STV and ITV’s groundbreaking mental health initiative, Britain Get Talking, returns to our screens with a festive, star-studded Christmas advert reminding us of the importance of listening to loved ones this Christmas. Following a challenging year as the coronavirus crisis continues, the broadcaster has once again partnered with SAMH, YoungMinds and Mind in this next iteration of Britain Get Talking. 
The film gives a tongue-in-cheek look at a day in the life of a make-up artist at STV/ITV, following her day as a host of famous faces grace her make-up chair and vent hilariously about the trials and tribulations of the past couple of years - the celebrities also tap into the mood of the nation, all hoping for a proper Christmas this time around. After a long day of listening to how others are doing, our make-up artist is finally asked about her day, reminding audiences of the importance of checking in with one another and ensuring we all feel heard. 
Celebrities including Lorraine Kelly, Joel Dommett, Emily Atack, Gino D’Acampo, Phillip Schofield, Charlene White, Helen Worth, Scarlett Moffatt, Fleur East, Kevin Mathurin, Emile John and Toby Aromolaran deliver humorous, satirical moans about everything from Zoom fatigue to panic buying petrol. Joel Dommett complains “what’s the point in abs if you can’t show them off” in response to the on and off again nature of holidays abroad this summer, while Gino D’Acampo vents about the trials of home-schooling - “ask me to do a souffle, I’ll do a souffle. Long division? No.” 
After a comical stream of celebrities ranting, Maya Jama offers our make-up artist a friendly ear after her busy day. The film ends with the message “After the last couple of years, we all need an ear. Give yours this Christmas.”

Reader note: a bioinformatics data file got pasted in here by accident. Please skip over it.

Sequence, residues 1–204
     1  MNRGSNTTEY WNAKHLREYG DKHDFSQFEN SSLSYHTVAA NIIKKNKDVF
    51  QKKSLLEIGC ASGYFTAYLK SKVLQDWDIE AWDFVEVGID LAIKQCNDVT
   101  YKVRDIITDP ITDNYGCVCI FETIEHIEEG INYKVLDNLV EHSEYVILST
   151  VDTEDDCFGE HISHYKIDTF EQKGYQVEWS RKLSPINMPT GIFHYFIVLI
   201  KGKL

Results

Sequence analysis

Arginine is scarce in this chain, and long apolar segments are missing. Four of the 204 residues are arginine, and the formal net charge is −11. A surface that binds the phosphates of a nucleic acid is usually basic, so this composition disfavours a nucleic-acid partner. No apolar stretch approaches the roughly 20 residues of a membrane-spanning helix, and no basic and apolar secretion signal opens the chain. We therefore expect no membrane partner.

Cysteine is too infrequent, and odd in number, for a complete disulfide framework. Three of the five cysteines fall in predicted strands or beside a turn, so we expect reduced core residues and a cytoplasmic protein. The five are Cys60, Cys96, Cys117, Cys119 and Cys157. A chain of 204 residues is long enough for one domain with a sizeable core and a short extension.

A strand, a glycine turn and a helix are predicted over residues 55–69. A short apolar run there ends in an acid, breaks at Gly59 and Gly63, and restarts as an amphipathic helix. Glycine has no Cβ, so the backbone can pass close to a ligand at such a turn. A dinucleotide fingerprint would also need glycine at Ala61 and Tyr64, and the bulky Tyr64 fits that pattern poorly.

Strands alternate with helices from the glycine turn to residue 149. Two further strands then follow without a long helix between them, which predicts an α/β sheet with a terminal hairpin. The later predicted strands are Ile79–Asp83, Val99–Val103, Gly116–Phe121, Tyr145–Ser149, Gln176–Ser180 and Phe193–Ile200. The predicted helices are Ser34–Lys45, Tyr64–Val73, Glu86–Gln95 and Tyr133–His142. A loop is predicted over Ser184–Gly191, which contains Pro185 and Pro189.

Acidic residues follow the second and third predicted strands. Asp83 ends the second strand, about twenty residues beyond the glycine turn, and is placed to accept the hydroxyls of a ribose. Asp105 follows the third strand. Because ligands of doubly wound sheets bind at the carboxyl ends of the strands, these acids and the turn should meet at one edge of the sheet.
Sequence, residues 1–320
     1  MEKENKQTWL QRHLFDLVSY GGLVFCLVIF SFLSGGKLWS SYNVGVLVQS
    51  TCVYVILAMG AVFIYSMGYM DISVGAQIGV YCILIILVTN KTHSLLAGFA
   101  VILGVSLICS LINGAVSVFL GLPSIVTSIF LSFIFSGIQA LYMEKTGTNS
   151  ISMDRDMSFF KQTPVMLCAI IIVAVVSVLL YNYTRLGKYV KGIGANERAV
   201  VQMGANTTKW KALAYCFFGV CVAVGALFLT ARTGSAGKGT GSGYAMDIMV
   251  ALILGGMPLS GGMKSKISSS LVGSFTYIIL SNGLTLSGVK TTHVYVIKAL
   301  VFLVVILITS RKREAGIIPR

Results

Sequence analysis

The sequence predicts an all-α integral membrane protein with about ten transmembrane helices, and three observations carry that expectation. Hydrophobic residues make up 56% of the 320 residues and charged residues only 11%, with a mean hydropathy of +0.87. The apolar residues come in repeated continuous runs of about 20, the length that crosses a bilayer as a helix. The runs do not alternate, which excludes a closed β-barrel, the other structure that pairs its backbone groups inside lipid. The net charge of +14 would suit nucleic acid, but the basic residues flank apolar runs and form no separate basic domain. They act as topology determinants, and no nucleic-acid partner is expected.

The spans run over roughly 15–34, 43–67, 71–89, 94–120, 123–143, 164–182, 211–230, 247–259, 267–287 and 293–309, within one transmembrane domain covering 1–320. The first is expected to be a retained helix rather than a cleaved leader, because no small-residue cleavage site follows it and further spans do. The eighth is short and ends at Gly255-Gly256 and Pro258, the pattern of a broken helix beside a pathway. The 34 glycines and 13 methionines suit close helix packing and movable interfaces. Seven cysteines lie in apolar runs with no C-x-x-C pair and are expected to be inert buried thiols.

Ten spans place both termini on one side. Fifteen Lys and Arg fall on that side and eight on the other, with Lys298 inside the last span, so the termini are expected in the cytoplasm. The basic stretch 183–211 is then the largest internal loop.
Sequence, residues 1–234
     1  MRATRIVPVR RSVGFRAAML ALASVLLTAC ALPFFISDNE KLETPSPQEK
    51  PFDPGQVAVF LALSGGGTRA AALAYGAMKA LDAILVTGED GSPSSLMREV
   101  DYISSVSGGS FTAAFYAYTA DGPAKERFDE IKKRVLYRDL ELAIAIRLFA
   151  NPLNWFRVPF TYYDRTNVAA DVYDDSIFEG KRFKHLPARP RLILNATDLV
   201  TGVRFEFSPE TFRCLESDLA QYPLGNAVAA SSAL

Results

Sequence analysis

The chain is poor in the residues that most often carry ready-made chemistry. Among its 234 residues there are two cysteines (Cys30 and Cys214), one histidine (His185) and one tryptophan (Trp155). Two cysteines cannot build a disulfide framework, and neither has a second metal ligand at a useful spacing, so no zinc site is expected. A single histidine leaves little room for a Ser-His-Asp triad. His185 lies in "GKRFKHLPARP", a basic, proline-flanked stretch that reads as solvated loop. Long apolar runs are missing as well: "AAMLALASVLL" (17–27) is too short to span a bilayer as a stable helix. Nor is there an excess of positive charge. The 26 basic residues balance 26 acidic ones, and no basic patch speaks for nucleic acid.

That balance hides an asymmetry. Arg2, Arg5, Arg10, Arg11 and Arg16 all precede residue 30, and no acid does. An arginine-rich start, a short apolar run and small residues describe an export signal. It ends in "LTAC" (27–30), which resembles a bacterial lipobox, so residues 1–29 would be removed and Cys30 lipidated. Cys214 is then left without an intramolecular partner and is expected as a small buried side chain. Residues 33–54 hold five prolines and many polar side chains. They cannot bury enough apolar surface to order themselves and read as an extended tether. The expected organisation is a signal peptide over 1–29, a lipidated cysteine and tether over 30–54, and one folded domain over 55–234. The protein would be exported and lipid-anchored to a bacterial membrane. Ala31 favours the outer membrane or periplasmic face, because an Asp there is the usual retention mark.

Listening has been proven to reduce stress and anxiety levels, and is particularly important in helping others to open up about their problems. A recent survey conducted by ITV revealed 45% struggle to open up about their problems because they’re worried they’ll be judged. Over 1 in 10 young people don’t open up about their problems at Christmas because they’re worried they won’t be listened to. 
The campaign and initiative, developed by Uncommon Creative Studio, reminds viewers to lend an ear as they catch up with their friends and family this Christmas. The 2 minute 30’ film, shot by Motherland Emmy nominated and Bafta winning director Simon Hynd, will premiere after ‘I’m a Celebrity...Get Me Out of Here!’ at 10pm on ITV and STV this Wednesday 1st December with a special introduction from Britain Get Talking supporters Ant and Dec. 
The campaign website, hosts tips on listening, alongside information on sources of support for viewers who can’t rely on the listening skills of family and friends. Since it launched in October 2019, Britain Get Talking has encouraged the UK public to take over 56 million actions to support their mental wellbeing. 
Bobby Hain, Managing Director of Broadcast at STV, said: “It may have been dubbed the most wonderful time of the year, but Christmas can actually be one of the most challenging periods for many people in Scotland.
“We recognise that at STV, and with this campaign we’ll use our presence in living rooms throughout the country to help remove the stigma, get our viewers talking about mental health, and encourage them to check in with those who may need extra support during the festive season.”
Billy Watson, Chief Executive of SAMH, said: “The festive period can a difficult time, and with added uncertainty this year, we know that some people will really be feeling it. We’re delighted to see Britain Get Talking highlighting this issue and encouraging people to be there for their loved ones this Christmas – having someone listen to your worries can sometimes make a huge difference. For those that need more support, there’s lots of help and advice out there so please do reach out.”
More statistics from ITV conducted survey:

  • 45% struggle to open up about their problems because they’re worried they’ll be judged
  • 1 in 5 people think it’s hard to talk about how they’re really feeling at Christmas because they’re expected to be happy
  • 1 in 4 people say their family talks more about food than emotions at Christmas
  • Over 1 in 10 feel their family doesn’t know the real them when they see them at Christmas
  • Over 1 in 10 wish they had more meaningful conversations at Christmas
  • Over 1 in 10 young people (16-34) don’t open up about their problems at Christmas because they’re worried they won’t be listened to